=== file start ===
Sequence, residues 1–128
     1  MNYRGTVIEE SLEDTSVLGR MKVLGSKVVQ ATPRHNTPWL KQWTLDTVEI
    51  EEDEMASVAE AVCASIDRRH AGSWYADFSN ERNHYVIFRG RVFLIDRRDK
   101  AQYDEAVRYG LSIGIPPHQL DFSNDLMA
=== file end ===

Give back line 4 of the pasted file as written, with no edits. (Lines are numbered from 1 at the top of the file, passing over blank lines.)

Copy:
   101  AQYDEAVRYG LSIGIPPHQL DFSNDLMA